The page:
How virtual community helped Donald lose 36 lbs* in 5 months

For this father of two, social distancing brought surprising lessons in self-compassion. Donald N., 33, has lost 36 lbs* since joining WW in 2020.
Published November 20, 2020

*People following the WeightWatchers weight-loss program can expect to lose 1 to 2 pounds per week.

As told to Katerina Gkionis

Getting sober in my 20s was a major accomplishment for me. At that point, my drinking had been an issue for several years. I’d have beer and booze most nights of the week, just chasing an experience of feeling different. I was fortunate to find a support system through my church, along with a counsellor who helped me begin to live a healthier life. I stopped drinking alcohol completely.

As part of that process, I realized I also had food issues. During my drinking years, I had taken to eating large portions that weren’t exactly good for me—think: two sandwiches and a full bag of potato chips. Those habits hung on after I quit drinking. Sometimes I’d try to rein myself in with an extreme diet that cut out all carbs or all sugar. But my attempts to lose weight never worked out. I’d slip up, have one piece of bread, and throw in the towel, feeling like a complete failure. Back then, if you had said to me, “Be kind to yourself,” I would’ve laughed.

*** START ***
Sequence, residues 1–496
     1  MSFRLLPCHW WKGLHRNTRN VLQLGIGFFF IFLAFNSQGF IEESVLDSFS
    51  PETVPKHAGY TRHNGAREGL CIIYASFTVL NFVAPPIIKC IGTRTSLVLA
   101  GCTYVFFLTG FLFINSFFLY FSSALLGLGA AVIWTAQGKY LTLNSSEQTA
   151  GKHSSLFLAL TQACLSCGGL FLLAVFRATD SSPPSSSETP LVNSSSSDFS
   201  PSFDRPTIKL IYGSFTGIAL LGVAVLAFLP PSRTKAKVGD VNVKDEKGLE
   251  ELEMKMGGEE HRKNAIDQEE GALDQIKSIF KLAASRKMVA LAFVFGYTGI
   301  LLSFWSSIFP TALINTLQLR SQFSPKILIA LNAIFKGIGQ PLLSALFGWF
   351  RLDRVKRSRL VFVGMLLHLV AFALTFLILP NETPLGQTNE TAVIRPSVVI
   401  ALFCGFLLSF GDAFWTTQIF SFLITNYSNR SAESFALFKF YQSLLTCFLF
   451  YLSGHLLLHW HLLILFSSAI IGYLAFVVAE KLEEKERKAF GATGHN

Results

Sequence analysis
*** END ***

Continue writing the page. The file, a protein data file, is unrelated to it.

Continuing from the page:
Ten years into my sobriety, in early 2020, I had to admit it was time for another big change—and not just for me. I had a wife and two kids by then. I needed to be healthier for my family, especially since I didn’t grow up in the healthiest home myself and knew how hard that could be on everyone.

A close buddy of mine, Jeff, happened to be joining WeightWatchers at that time and asked if I wanted to join, too. Jeff and I have known each other for years and went through similar struggles when we were younger. I was thankful for the opportunity to get healthy for our families together. I decided to go for it.

A strong start

It was March 2020 when Jeff and I went to our first Workshop, and from there I was off and running.

My wife and I shared the responsibilities in our home, but joining WeightWatchers nudged me to step up my involvement in meal planning. That first week, I made a pulled-chicken ancho chile and black bean soup I had seen on Connect, and it tasted really good. I also spent some time using the Recipe Builder on the WW app, playing around with some of my family’s favorite meals to see how different ingredients affected the Points® values. It was kind of fun. Who knew I could get so excited about a trip to the grocery store?

What Donald ate then vs. now


Then: Fast food breakfast sandwiches; homemade waffles; large coffee with cream and sugar.

Now: Protein shake with almond milk, frozen fruit, vegan protein powder, creatine, chia and hemp flaxseed; scrambled eggs with cheddar cheese, black beans, and everything bagel seasoning, plus a side of blueberries, strawberries, or a banana.


Then: Large peanut butter and jelly sandwich; protein bar, chips, fruit.

Now: Cauliflower rice stir-fry with turkey kielbasa and veggies; summer salad with black beans, pinto beans, tomato, jalapeño, and celery.


Then: Cheesesteaks; pizza; wings.

Now: Garlicky seared shrimp with rice and broccoli; frittata with bacon, tomato, and spinach.


Then: Chocolate or peanut butter candy; bags of chips.

Now: Pretzels with WW Light Jalapeño String Cheese; carrot or pepper slices with tzatziki; protein bars.